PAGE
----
Ulovane Update: February 2017 Newsletter
Welcome to the February Ulovane Update.
They say a picture is worth more than a 1000 words! Too true, especially when we look back at how far we have come at Ulovane campus in the last 8 years. Growth and change is inevitable and we have had to adapt and grow with the times. Ulovane campus is really looking amazing. In the last year, we have added extra accommodation section, 4 new rooms which include 4 showers and toilets. These rooms are lovely and spacious and can accommodate up to 3 people each, comfortably. To everyone’s delight we have installed gas geysers in all of our rooms, so no more hoping for sunshine, it is hot water all year round.
The outside lapa has been converted (pictured below) into the chameleon lounge a chill zone with pool table, couches and books. For those times when you just want to relax enjoy a good book or a pool game or two. This enabled us to make more space for dining and lecture purposes in the main lodge area. It is wonderful that we can now all enjoy our meals together. When not being used as a dining room, the extra space is used as a second lecture room when needed. Come see for yourself at one of our Open Days in 2017. We really have one of the top training campuses in SA. The next Open Day is 09 April 2017.
Work on Ulovane reserve is ongoing. The students help out with conservation management where possible and Oom Ben and his team are hard at work every day eradicating blue bush and working on the fence line and roads. Work in the vegetable garden is going great, the Saturday mornings when everyone on campus gets stuck in, really helps. Every bit of love and effort makes a huge difference.
More photos of the campus to follow over the month of March. Huge thank you to everyone involved in making Ulovane not just a campus, but home!
News from the Field Guides
Week 3 – This week the class was focused on botany and biomes. The array of biomes on Amakhala is amazing and the plants have interesting medicinal uses. We had a shocking experience (well one of us) when one of us became too familiar with the electric gate. – Toby
Week 4 – Another busy week, the highlight being our mock tracking assessment – lots of fun but we all realised that we have a lot to learn. We also spent a day at the river catching fish and doing a fish survey. Seeing a puff adder swim has got to be the biggest highlight of this week, who knew that snakes could swim and so beautifully. – Jenny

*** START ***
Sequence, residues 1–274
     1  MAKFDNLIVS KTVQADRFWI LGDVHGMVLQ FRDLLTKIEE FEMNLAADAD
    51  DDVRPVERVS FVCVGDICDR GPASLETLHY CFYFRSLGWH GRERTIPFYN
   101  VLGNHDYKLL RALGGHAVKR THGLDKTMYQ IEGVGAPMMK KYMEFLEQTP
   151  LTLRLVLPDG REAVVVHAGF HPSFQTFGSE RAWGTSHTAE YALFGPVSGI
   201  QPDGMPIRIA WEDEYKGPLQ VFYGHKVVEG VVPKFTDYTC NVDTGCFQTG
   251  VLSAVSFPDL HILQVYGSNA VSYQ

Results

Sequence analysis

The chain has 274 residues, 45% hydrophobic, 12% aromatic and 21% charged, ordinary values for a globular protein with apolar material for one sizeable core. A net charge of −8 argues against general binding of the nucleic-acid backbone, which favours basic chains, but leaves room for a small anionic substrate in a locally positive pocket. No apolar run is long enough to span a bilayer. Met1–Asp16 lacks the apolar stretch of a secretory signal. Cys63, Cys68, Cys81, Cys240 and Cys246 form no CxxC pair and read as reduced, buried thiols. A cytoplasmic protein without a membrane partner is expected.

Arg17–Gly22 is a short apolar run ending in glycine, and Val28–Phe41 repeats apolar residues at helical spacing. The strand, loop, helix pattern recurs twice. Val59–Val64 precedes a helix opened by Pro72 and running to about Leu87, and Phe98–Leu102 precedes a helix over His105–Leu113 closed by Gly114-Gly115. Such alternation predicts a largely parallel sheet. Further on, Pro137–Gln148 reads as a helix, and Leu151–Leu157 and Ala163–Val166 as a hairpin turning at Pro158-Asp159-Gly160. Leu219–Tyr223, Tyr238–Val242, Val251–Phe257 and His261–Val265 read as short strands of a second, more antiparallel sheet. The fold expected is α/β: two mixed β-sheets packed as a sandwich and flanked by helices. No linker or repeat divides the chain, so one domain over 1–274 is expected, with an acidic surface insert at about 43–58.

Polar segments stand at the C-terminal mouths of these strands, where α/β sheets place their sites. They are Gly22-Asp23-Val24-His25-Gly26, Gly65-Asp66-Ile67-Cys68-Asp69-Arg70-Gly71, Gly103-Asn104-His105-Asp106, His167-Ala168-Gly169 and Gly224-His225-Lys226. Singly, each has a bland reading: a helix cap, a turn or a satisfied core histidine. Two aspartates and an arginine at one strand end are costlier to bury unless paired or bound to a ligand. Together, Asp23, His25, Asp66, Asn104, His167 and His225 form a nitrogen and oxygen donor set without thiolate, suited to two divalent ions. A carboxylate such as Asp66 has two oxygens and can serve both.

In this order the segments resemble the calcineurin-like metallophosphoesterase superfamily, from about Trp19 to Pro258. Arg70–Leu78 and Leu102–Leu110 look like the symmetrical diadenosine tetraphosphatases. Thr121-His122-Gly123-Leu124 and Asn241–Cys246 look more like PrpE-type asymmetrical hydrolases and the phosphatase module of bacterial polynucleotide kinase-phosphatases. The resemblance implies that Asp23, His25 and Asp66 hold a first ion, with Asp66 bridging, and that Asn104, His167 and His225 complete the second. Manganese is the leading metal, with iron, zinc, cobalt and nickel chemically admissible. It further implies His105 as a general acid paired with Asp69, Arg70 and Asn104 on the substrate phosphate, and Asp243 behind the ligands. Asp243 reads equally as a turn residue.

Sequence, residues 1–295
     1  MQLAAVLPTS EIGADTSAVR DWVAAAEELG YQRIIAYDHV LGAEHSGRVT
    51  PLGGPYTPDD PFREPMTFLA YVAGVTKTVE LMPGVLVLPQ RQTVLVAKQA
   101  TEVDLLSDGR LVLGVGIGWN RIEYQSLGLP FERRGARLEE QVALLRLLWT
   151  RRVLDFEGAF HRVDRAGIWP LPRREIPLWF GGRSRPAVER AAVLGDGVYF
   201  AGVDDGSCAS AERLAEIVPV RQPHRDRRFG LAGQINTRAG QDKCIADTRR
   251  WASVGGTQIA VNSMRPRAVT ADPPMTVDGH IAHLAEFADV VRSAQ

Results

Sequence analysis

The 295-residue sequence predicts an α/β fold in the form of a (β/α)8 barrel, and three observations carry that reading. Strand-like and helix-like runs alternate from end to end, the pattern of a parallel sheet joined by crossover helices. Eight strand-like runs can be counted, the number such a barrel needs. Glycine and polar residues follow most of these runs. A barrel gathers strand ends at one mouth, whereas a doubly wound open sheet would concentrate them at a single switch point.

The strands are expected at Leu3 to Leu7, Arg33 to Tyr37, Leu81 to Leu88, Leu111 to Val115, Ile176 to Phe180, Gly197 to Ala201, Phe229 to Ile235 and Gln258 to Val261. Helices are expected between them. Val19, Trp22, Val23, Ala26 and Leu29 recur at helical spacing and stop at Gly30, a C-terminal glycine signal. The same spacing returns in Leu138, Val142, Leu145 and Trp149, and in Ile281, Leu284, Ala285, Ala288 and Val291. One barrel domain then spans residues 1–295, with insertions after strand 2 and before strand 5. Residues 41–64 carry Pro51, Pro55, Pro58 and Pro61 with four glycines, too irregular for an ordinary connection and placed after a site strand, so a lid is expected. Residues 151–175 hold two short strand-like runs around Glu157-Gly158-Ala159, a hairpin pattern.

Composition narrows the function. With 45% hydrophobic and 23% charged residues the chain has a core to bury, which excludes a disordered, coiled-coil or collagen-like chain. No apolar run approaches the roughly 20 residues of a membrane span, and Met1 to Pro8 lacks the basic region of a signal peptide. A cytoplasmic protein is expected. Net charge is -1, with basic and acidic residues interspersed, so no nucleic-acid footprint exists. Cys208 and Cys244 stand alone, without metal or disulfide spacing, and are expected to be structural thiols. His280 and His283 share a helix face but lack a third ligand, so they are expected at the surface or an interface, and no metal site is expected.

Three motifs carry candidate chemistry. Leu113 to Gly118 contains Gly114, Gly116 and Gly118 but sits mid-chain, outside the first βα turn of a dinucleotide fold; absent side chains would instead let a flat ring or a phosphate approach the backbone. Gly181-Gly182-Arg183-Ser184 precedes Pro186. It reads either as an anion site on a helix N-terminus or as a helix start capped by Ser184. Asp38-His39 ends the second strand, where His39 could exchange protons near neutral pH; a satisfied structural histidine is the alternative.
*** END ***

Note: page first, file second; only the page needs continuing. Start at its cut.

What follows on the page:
Week 5 – A crazy and entertaining week. Had amazing game drives on Amakhala Game Reserve and had the privilege of being caught in some of the most stunning thunder storms. The Eastern Cape is looking green and lush after about 50ml of rain and we are loving it! All in all a good week – Mike Kitchen
Week 6 – I know we all say it, but it really was another incredible week at Ulovane! The highlights being the hospitality evening and boat trip down the Bushman’s river, with a picnic thrown in. The focus this week was on birds and the boat trip didn’t disappoint – we enjoyed sightings of African fish eagles, giant and half collared kingfishers and the very cool African darter! It is all happy days really- Seamus
“Successes are those highlights of life we look back on with a smile. But it’s the day to day grind of getting them that defines the laugh lines etched until the end of time. Enjoy each moment along the way” ―Aaron Lauritsen
News from the Trails Guides
Week 3 – Our main focus this week was tracking where we got to see tracks such as Aardvark and Honey badger and learnt various focus points of tracks ranging from beetles, snakes, tortoise, antelope and lion. We had a fantastic sleep out in the bush to end of the week where we came across a beautiful sighting of a tower of giraffe on our way to our camping area for the night. When we arrived at our camping area we all got the camp ready before night approaches where we had to go and chop wood for our fire to prepare food, provide light and keep us entertained throughout each of our watch duties. – Gerhard
Week 4 was by far the nicest week we’ve had! The first part of the week we focused a lot on tracking with Pieter and Shani as the tracking assessment was this weekend. It was a wonderful experience and we learned so much! We even trailed the male lion and came very close (5 meters away) to both the lions and our surprise. Ever heard a lion roar from 5 meters away? I can tell you now, it’s very very loud!